The same philosophy can be applied to parents of children with Autism. Most people are familiar with the popular study published in Journal of Autism and Developmental Disorders that indicated that Mothers of children with Autism experience chronic stress comparable to combat soldiers and struggle with frequent fatigue, work interruptions, and spend significantly more time care giving than mothers of neurotypical children. No parent of a child with Autism reading this article needs to be educated on the demands, drain, and constant energy and focus it requires raising a child with Autism. This realty makes the proposition of self care for parents even more critical.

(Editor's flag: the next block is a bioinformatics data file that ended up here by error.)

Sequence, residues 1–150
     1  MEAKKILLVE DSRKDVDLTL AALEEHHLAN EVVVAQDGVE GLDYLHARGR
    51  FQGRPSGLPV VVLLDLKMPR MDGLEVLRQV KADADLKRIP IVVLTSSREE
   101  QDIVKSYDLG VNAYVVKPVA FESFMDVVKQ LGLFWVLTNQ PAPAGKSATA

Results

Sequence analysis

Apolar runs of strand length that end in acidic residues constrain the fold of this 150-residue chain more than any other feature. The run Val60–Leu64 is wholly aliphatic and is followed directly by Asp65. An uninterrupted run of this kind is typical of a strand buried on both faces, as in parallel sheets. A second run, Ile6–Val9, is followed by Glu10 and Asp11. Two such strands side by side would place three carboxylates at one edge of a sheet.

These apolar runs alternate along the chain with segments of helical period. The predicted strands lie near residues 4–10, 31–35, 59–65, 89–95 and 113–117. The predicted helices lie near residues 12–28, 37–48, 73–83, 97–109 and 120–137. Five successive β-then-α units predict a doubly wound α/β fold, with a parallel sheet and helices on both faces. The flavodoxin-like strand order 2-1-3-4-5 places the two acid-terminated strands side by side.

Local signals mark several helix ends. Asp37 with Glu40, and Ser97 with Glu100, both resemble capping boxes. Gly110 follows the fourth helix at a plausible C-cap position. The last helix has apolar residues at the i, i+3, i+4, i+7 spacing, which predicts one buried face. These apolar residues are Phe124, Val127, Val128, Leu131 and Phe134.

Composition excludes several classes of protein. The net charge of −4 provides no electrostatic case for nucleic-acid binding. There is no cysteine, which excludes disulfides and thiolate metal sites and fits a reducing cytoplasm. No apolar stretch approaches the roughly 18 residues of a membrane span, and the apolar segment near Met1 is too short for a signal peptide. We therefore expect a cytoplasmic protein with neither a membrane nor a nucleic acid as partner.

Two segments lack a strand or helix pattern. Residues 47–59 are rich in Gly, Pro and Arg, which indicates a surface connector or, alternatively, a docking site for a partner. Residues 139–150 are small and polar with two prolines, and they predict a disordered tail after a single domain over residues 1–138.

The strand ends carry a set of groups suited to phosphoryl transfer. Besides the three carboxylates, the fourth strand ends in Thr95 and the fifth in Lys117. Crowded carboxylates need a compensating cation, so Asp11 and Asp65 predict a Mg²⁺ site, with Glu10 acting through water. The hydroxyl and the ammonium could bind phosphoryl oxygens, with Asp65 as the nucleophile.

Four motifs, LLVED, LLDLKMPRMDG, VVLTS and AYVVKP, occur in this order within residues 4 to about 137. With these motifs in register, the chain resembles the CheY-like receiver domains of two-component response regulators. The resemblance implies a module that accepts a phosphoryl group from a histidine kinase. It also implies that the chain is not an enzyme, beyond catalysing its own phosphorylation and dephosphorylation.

In my work with parents, I have found that most can appreciate the concept of self care but feel at a loss when it comes to actual implementation of self care strategies. Recent studies have shown that overwhelmingly parents state that lack of time is the greatest obstacle for their deficit in participating in any type of self care. Other often cited obstacles include: financial difficulties, lack of support from others, guilt, and attending to other responsibilities when not attending to their child with Autism.

So is self care a reality for parents with a child with Autism? The answer is yes, but for many the process may involve reframing their reality. To begin with, we need to reframe the value we put on self care, not be looked at as an optional luxury, instead it should be viewed as it truly is – an essential component for preventing stress, burnout, and providing much needed rejuvenation to attend to the many demands that typically accompany parenting a child with Autism. It is just as important as that Occupational Therapy (O.T.) appointment on Wednesday night.